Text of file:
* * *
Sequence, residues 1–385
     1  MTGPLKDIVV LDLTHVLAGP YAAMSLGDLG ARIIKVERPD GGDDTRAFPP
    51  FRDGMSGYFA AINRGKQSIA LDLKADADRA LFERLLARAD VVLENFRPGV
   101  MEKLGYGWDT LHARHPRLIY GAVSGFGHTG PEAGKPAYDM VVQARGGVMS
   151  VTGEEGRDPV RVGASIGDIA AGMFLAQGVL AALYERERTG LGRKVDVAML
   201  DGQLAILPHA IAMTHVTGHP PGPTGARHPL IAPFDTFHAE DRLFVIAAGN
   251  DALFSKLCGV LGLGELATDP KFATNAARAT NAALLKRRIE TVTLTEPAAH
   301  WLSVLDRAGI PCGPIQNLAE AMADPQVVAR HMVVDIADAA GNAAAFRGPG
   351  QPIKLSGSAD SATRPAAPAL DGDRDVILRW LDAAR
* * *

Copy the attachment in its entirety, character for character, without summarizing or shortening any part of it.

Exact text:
Sequence, residues 1–385
     1  MTGPLKDIVV LDLTHVLAGP YAAMSLGDLG ARIIKVERPD GGDDTRAFPP
    51  FRDGMSGYFA AINRGKQSIA LDLKADADRA LFERLLARAD VVLENFRPGV
   101  MEKLGYGWDT LHARHPRLIY GAVSGFGHTG PEAGKPAYDM VVQARGGVMS
   151  VTGEEGRDPV RVGASIGDIA AGMFLAQGVL AALYERERTG LGRKVDVAML
   201  DGQLAILPHA IAMTHVTGHP PGPTGARHPL IAPFDTFHAE DRLFVIAAGN
   251  DALFSKLCGV LGLGELATDP KFATNAARAT NAALLKRRIE TVTLTEPAAH
   301  WLSVLDRAGI PCGPIQNLAE AMADPQVVAR HMVVDIADAA GNAAAFRGPG
   351  QPIKLSGSAD SATRPAAPAL DGDRDVILRW LDAAR